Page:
Friday, September 28, 2012

Just Add Kids?

I heard it again today. It was during the panel discussion put on by the Downtown Lexington Corp. which was to feature the 6 finalists of the 1st, 2nd and 3rd district races. The thing is, one of them did not show up.

Most of the comments were very positive about downtown and how we needed to continue to plan for the economic development and a strong need for jobs. But I also heard the quiet cry for more family oriented facilities like restaurants and such. It was like families want to live downtown but not as it is today – or how it is being planned for by today's planners.

We can look at our successes, like Thursday Night Live, and how well they have grown in just a few short years but some families have begun avoiding the Pavilion because it has become so large. The crowd of young professionals out for an early beginning to their weekend of drinking can erode the feeling of festival that many young parents want to ingrain in their kids.

The number of new, trendy restaurants which have opened seem geared toward the single/dating young professionals or the more refined tastes of the upper echelon from the 02 zipcode or horse country. Few of them would accept the “wander around he table” child which frequents an Applebee's or Texas Roadhouse franchise. Why cannot some of those parents find a suitable dining experience in the downtown scene. (OK, I don't want to eat near this kind of action either.)

Family oriented recreation come to downtown at various times through the year, like the Ringling Brothers Circus or Disney on Ice, but the normal, run of the mill, child friendly activities are rare. The special events will draw from communities other than Lexington, but day to day stuff – not so much.

Finally, and maybe the most troubling, there are no new residential units designed for the family of four in which a couple can live with their kids. The latest units are designed with young professionals in mind but not families. The common mantra is that “families don't want to live downtown” and that is not just applicable to Lexington.

According to Brent Toderian, a Canadian planner, “The truth is that many downtowns are currently not great places to raise families, because they are not designed to be. It’s a self-fulfilling prophecy. A city gives up on kids downtown, as does the home-building industry, so no one designs and plans for them... ...Most importantly, no homes built that could actually fit a family. Perhaps a couple, but as soon as baby comes, they start planning the move. This perpetuates the theory that families would never want to live downtown.”

Do we want a vibrant, lively, complete downtown? If so, then an addition of children to the mix of seniors and young professionals(both singles and couples) will support a broader local economy and a safer community. These families will need certain support facilities in order to make it work; child-care, and nearby schools initially, then family appropriate retail and recreation and then the all-important family sized residential units.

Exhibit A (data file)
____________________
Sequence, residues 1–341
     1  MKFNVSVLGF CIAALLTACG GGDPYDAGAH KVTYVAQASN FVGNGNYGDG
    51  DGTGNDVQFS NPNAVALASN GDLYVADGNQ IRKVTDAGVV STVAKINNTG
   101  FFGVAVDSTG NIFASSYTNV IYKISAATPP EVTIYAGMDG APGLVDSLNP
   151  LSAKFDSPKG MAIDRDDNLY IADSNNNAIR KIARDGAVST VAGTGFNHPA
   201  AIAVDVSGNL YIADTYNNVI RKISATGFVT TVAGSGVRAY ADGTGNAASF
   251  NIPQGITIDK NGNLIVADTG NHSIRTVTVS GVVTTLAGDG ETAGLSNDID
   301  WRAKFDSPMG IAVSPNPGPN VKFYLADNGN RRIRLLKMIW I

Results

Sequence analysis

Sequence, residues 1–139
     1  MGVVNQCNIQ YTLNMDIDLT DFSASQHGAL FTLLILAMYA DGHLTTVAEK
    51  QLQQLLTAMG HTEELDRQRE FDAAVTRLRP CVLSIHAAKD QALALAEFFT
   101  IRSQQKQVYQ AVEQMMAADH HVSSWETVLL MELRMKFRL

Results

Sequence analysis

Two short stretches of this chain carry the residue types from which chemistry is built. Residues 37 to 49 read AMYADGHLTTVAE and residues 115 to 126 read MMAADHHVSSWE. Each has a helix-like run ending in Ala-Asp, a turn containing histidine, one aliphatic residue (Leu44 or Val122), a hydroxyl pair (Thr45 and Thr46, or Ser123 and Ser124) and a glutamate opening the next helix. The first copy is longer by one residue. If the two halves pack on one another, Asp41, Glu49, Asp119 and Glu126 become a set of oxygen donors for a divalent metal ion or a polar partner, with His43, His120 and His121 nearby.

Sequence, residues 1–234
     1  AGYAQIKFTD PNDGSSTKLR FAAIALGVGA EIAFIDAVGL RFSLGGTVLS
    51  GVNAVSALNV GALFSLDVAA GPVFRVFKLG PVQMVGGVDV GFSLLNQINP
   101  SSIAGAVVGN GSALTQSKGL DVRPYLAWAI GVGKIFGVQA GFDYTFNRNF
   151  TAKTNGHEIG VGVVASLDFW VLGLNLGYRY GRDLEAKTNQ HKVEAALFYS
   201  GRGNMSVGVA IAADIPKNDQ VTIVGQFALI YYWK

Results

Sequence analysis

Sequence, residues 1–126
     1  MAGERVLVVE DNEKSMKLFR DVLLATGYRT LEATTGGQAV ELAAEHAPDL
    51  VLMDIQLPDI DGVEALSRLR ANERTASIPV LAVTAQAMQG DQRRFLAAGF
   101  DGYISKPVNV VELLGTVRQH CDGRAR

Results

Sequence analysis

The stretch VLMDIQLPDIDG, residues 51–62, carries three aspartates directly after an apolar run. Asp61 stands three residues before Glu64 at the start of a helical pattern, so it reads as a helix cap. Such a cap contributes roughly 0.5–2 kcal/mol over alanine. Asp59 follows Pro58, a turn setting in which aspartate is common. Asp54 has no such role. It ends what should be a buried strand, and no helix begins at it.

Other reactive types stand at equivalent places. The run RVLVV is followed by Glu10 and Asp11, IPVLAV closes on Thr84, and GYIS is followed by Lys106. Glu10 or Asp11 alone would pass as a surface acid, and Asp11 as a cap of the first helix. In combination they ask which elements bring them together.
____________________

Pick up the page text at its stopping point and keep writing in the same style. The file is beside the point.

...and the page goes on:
I may be wrong, but I feel that the on-going efforts to put on event after event in an attempt to draw families to downtown would be easier if some of them lived “right around the corner”.


Danielle said...

Being part of a family with kids, I can appreciate an area that is predominately kid-free. There are many other areas in Lexington that are kid-friendly that more than satisfy that need. With that said, there are events that occur downtown that allow us to come downtown as a family, such as the Farmer's Market, festivals, 5K runs, etc. In the mornings, there is Dunkin' Donuts, Alfalfa's, and Sunrise that offer fun breakfast stops.

I guess what I'm saying is that I don't mind the predominately adult-only areas for dinner and late night outings. I do hear what you're saying though but I feel like what we have established is working.

Lex Streetsweeper said...


How well this "established" process is working is very much up for debate. I keep hearing that we need to put more effort into drawing families into our downtown. That effort is laborious, time consuming and expensive for something which occurs naturally in healthy neighborhoods. I don't believe that certain areas should be kid-free 100% of the time, nor should kids be injected into every situation and event.

A healthy downtown is a balance of residents of all ages, each enjoying what the city has to offer.

hammockbrain said...

I went downtown when I was visiting last week and went to DeSha's. I hope downtown is more than that area or maybe I didn't explore enough.